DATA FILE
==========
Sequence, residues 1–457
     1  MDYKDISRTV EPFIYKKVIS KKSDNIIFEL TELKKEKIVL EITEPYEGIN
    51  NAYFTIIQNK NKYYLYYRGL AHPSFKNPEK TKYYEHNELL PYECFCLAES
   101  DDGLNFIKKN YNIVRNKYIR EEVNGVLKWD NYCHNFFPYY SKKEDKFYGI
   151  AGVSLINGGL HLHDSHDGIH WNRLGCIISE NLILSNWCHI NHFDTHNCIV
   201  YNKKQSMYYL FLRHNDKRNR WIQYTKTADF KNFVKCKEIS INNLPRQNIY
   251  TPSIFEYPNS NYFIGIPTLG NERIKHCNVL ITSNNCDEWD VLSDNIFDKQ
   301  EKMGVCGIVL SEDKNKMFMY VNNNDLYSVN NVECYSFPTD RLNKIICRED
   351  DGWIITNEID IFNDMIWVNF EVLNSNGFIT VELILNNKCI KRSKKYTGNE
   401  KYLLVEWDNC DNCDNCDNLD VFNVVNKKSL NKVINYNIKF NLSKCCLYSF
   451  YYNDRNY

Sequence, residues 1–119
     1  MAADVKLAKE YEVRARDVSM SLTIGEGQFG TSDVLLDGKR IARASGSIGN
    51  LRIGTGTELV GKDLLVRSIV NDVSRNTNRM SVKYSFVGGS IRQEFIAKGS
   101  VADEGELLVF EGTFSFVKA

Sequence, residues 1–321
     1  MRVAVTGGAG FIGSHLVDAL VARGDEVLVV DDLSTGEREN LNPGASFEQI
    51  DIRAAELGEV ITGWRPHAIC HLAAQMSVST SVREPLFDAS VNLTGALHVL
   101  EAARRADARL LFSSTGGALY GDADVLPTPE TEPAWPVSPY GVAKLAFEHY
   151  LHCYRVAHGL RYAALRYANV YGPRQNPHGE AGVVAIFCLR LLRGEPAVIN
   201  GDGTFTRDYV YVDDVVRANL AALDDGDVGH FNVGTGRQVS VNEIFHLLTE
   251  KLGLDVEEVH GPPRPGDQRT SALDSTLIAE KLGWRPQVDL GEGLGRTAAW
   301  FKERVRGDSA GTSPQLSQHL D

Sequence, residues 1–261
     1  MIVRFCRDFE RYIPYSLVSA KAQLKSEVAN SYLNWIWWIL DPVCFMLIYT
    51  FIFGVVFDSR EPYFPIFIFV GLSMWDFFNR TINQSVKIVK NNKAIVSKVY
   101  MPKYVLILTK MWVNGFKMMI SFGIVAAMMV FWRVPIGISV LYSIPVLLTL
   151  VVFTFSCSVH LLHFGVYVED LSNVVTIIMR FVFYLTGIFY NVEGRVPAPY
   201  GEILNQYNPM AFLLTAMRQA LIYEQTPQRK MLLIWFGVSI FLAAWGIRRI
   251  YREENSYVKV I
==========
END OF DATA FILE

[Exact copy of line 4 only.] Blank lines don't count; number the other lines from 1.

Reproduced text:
   101  DDGLNFIKKN YNIVRNKYIR EEVNGVLKWD NYCHNFFPYY SKKEDKFYGI